Now, you talk about race relations. It’s a difficult issue in this country. I can tell you, and I know a lot of it is centered around law enforcement and police departments. So let me begin by saying very clearly, I know for a fact that the overwhelming majority of the men and women who serve us in law enforcement are incredible people, who, every single day, put their lives potentially on the line for our safety and for our security.
But I also know that there are communities in this country where minority communities and the police department have a terrible relationship. I personally know someone — who happens to be a police officer and a young African-American male — who told me that he has been pulled over seven, eight times in the last four years and never gets a ticket.
What is he supposed to think?
He gets pulled over for no reason, never gets a ticket, no one has any explanation for why he’s being pulled over. What is he supposed to think?
I know that in this country, there is a significant number, particularly of young African-American males, who feel as if they’re treated differently than the rest of society. And here’s the bottom line, whether you agree with them or not… if a significant percentage of the American family believes that they are being treated differently than everyone else, we have a problem. And we have to address it as a society and as a country, because I do not believe we can fulfill our potential as a nation unless we address that.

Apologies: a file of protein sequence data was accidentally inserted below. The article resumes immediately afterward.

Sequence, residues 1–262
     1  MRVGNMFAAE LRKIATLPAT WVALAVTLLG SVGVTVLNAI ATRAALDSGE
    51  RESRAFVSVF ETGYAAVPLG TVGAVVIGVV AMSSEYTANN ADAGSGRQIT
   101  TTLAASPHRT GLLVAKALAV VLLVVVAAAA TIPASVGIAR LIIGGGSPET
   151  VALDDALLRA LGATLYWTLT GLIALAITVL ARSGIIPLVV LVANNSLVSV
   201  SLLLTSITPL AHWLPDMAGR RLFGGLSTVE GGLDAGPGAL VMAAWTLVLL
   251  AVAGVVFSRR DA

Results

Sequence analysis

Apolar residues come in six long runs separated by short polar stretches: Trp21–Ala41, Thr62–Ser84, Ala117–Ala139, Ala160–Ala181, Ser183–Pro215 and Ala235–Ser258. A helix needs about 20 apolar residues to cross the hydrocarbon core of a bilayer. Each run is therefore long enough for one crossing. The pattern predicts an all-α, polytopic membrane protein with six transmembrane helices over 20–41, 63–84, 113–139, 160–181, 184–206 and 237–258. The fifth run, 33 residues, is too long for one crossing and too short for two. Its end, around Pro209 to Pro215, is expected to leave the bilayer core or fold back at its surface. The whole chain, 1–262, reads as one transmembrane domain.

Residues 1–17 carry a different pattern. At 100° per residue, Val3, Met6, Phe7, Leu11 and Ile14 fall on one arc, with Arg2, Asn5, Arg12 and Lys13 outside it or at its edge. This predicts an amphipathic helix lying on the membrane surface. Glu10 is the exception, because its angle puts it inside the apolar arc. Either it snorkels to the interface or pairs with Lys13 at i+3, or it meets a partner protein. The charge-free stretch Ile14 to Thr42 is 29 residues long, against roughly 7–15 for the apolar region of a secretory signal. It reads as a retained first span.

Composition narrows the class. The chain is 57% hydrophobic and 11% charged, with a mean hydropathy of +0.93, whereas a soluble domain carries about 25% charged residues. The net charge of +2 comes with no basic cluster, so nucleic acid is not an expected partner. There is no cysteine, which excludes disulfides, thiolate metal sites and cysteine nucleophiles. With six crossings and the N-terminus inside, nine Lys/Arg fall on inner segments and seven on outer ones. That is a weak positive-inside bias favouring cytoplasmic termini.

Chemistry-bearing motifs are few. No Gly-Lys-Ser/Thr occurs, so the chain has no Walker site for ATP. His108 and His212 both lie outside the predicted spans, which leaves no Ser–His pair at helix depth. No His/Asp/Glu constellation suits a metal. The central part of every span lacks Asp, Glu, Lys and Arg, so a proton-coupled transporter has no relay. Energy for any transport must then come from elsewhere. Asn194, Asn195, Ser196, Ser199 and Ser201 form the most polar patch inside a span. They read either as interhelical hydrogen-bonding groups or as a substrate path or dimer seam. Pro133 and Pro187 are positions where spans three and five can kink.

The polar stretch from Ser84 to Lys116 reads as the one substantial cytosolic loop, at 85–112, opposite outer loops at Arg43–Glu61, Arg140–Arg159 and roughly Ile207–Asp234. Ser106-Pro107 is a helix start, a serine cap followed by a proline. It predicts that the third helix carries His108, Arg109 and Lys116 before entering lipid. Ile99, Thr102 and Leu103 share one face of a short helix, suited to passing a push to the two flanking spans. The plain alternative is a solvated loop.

I’m not sure there’s a political solution to that problem but there are things we can do. For example, one of the reasons why you see both educational and academic underperformance — not just in the African-American community but also in the Hispanic community — is because of how a disproportionate number of our children are growing up in broken homes in dangerous neighborhoods in substandard housing and forced by the government to attend a failing school. A child that’s born with four strikes against them is going to struggle to succeed unless something breaks that cycle.